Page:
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Analysis: Obama Taking Big Risk with Afghanistan Decision

As of tonight, George W. Bush -- his administration and its philosophy -- are no longer responsible for the bloody war in Afghanistan.

Tonight, with his Text of Obama's Special Report: AfghanistanMr. Obama's decision leaves them no choice: by setting a firm timetable to begin withdrawing troops, he is urging Americans to form a political judgment about the war's progress at the time the first wave of redeployments begin. This is the question he has brought to the fore: with everything that's going on over here, what the hell are we doing over there?Often accused of choosing the path of least resistance, Mr. Obama's decision carries political risk. Withdrawing troops -- calling an end to the conflict now -- would rouse his base and add fiber to his relationship with Democrats in Congress. Accepting without modification or deliberation the recommendation of General Stanley McChrystal, who envisioned a much longer conflict, would have been suicidal within his party. Still, by twinning his troop increase with a timetable, Mr. Obama pulls off a bit of a trick. He's given Americans and Congress a meter reading, that, once triggered, will close down the conflict. To be sure, Mr. Obama has allowed himself and his commanders room to keep a heavy presence in Afghanistan beyond his firm term, but he has created a strategy and structure that renders that option prohibitively expensive.The slope of the troop decrease after the redeployment of the initial 30,000 troops is up to Mr. Obama -- commander's prerogative -- so he cannot be accused of abandoning the country come hell or high concentrations of Taliban resistance. His timetable all but guarantees that his request for more troops now will be funded by a reluctant Democratic Congress.It also takes a while to digest. "We're ending this. We're coming home. We're sending 30,000 more troops over there now" is a three-dimensional message quandary. It bends the mind a bit, even as it turns out to be, at least according to the general consensus of the thoughtful Afghanistan/Pakistan analysts, a pretty good way to pressure the governments of Afghanistan and Pakistan.In an hour-long interview today with a small number of political analysts and columnists, Mr. Obama said he was prepared for the political onslaught, particularly from within his own party. Indeed, to activists like, Obama's escalation amounts to a betrayal of his core identity, which was forged in 2002 when he presciently opposed the impending invasion of Iraq, a choice that opened the door to hiseventual run for president. No matter that Obama campaigned on Afghanistan as the "right war," or that lessons from his experience with Iraq are reflected in modifications to McChrystal's strategy and timeline; the dimensions of the conflict have clearly changed since he was elected president, as has the broad aims of U.S. policy."This has been an entirely transparent process," Mr. Obama said today."There's no Gulf of Tonkin here. We are having a wholesome debate about the best strategy forward and I am being held fully accountable to members of Congress, all of whom I think are going to be interested inholding me accountable and making sure that this strategy works. And if it doesn't, I think there is going to be enormous interest on the part of the American people and on the part of Congress in keeping me to myword that this is not a constant escalation," he added.Charts:Troop Levels in Afghanistan Over the YearsU.S. Troop Deaths in AfghanistanViews on Afghanistan Troop IncreaseAfghanistan War TimelineMr. Obama's strategy at once emphasizes the primacy of the threat from Al Qaeda but does so through the byproduct of creating stable, legitimate governments in the region. This is unchanged from February, when appointed McChrystal to the Afghanistan command. Since Mr. Obama's been inaugurated, Afghanistan and Pakistan are less stable, with their leaders pressed by indigenous and historical forces to resist Western notions of credibility. The majority of the Al Qaeda terrorists we're seeking are in Pakistan, which is, of course, Pakistan's problem as much as ours. Here Mr. Obama has an update from February: the goal is to less passively reorient Pakistan's military-intelligence complex away from fighting a war with India and flip their eyes up North, to border provinces where the greatest threats to Pakistan's stability launch attacks. The type of military aid to Pakistan will change -- at a basic level, the U.S. will be much more likely to provide a piece of hardware if it is suited for fighting in the nowhereland of Pashtunistan than against a major country like India. Another difference from the original McChrystal proposal: there will be less focus on the number of Afghan troops than the quality of them. Will it work? Who knows? Mr. Obama's political team will be satisfied if they can convince Americans that there is no sure victory, maybe even no right answer, but that the decision-making process itself is indicative of the credibility of the strategy. That is, it doesn't really matter whether Americans accept or understand the strategy so much as they accept that Mr. Obama has a strategy, and a well-considered one at that.More Coverage of Obama's Speech on Afghanistan:Obama Announces Troop Surge, Exit PlanText of Obama's RemarksWho Offers the Better Deal in Afghanistan?Liberal Lawmakers, Activists Chastise Afghanistan Troop IncreasePolling Analysis: Afghanistan 2009 Vs. Iraq Special Report: Afghanistan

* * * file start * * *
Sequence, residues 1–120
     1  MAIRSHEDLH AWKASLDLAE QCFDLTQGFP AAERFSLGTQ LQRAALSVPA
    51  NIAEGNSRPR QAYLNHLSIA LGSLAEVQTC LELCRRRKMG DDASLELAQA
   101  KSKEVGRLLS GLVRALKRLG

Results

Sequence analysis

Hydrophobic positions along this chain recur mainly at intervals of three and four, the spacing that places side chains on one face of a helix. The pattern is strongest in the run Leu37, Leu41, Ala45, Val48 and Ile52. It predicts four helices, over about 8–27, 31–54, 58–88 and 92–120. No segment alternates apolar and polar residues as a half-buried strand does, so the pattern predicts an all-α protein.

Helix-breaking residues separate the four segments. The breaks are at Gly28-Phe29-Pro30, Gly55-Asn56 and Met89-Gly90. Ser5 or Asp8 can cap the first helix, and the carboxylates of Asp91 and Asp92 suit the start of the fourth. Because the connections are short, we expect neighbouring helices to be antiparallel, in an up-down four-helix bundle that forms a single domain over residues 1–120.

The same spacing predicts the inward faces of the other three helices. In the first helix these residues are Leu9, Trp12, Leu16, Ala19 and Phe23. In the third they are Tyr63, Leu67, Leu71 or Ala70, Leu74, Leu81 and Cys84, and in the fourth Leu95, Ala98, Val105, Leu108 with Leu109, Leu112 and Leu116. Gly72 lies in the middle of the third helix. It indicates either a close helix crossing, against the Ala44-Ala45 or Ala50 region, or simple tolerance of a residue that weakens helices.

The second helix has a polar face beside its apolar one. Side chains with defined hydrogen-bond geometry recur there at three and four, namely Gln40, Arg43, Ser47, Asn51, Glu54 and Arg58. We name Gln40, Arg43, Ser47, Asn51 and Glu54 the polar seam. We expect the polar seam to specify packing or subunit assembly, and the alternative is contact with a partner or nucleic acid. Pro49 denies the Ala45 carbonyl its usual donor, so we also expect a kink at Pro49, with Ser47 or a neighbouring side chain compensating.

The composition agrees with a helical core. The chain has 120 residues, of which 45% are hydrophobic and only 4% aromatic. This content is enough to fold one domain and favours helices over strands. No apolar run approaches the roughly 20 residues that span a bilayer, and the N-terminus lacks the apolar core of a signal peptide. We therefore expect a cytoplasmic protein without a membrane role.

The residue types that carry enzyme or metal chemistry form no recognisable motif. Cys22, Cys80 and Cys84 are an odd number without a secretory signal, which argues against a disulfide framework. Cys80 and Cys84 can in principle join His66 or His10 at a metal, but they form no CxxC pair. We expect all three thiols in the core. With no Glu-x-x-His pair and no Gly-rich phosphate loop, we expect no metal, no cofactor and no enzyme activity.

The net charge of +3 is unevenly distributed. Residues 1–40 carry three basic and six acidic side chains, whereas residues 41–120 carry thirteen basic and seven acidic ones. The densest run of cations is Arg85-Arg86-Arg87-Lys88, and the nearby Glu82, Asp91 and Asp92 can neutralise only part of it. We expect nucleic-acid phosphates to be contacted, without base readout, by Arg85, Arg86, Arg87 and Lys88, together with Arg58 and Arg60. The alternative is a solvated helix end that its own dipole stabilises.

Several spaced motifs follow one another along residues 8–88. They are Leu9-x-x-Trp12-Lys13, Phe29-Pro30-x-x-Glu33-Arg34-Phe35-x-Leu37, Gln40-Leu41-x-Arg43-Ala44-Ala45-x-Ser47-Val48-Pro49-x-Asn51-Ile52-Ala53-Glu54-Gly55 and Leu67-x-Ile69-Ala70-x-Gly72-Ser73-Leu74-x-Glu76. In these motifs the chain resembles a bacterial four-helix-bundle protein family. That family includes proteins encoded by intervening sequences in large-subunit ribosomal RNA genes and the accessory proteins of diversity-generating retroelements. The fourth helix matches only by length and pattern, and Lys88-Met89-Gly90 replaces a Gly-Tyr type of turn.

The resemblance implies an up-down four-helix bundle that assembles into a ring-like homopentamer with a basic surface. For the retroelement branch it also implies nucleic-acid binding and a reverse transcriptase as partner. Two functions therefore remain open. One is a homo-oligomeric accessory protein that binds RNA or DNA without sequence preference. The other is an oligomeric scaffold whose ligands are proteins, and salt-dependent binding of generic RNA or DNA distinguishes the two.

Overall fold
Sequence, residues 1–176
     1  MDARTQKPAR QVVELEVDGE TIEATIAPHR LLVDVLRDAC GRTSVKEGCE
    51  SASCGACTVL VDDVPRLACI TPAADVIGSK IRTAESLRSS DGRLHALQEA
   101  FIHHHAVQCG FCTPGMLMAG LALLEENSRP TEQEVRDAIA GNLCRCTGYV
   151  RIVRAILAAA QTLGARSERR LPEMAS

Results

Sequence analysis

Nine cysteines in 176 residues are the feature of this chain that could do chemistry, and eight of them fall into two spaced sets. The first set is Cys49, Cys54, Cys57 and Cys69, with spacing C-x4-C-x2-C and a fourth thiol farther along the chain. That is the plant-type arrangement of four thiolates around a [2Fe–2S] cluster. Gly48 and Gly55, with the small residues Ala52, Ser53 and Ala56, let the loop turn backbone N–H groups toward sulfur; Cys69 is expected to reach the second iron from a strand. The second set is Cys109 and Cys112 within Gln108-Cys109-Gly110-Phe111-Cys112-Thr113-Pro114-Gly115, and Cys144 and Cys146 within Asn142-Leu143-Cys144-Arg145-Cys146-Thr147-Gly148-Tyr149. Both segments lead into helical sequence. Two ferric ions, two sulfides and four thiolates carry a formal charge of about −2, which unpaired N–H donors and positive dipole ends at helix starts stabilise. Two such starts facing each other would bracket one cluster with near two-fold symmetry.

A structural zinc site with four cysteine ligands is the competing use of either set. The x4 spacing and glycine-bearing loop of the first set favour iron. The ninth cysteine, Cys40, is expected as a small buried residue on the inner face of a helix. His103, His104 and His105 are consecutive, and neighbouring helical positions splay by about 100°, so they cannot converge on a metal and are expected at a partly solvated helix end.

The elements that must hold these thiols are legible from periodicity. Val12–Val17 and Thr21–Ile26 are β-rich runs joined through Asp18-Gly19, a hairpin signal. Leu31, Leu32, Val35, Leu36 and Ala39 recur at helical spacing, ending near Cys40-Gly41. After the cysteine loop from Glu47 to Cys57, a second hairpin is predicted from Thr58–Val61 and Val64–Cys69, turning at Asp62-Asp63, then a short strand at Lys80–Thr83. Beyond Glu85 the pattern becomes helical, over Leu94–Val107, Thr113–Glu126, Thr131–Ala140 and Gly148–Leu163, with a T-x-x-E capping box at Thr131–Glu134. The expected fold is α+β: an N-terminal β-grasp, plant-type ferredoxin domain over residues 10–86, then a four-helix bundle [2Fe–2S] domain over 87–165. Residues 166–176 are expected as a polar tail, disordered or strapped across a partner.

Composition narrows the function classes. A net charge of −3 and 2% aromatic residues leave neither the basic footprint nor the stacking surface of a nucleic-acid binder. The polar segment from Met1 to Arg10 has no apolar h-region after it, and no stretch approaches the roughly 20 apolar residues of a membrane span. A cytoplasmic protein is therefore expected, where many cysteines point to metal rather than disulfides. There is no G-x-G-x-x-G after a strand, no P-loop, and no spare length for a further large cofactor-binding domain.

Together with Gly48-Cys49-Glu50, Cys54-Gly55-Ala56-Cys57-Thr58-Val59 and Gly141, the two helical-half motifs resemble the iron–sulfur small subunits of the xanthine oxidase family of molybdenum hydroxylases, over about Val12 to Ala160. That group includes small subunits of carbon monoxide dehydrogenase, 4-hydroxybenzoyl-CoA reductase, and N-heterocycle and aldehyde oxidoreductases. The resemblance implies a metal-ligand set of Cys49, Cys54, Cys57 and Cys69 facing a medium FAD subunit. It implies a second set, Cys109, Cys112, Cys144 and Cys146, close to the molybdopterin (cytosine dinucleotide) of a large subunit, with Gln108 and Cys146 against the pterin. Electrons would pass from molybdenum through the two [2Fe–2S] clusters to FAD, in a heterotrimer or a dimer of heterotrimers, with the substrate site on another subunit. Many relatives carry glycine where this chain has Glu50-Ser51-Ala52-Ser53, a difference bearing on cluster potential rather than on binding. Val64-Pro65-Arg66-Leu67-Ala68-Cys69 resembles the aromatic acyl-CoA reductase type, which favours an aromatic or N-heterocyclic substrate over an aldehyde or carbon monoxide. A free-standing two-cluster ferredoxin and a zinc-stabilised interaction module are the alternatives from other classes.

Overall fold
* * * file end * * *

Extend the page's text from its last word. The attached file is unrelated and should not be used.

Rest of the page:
The Atlantic's Marc Ambinder is CBS News' chief political consultant.

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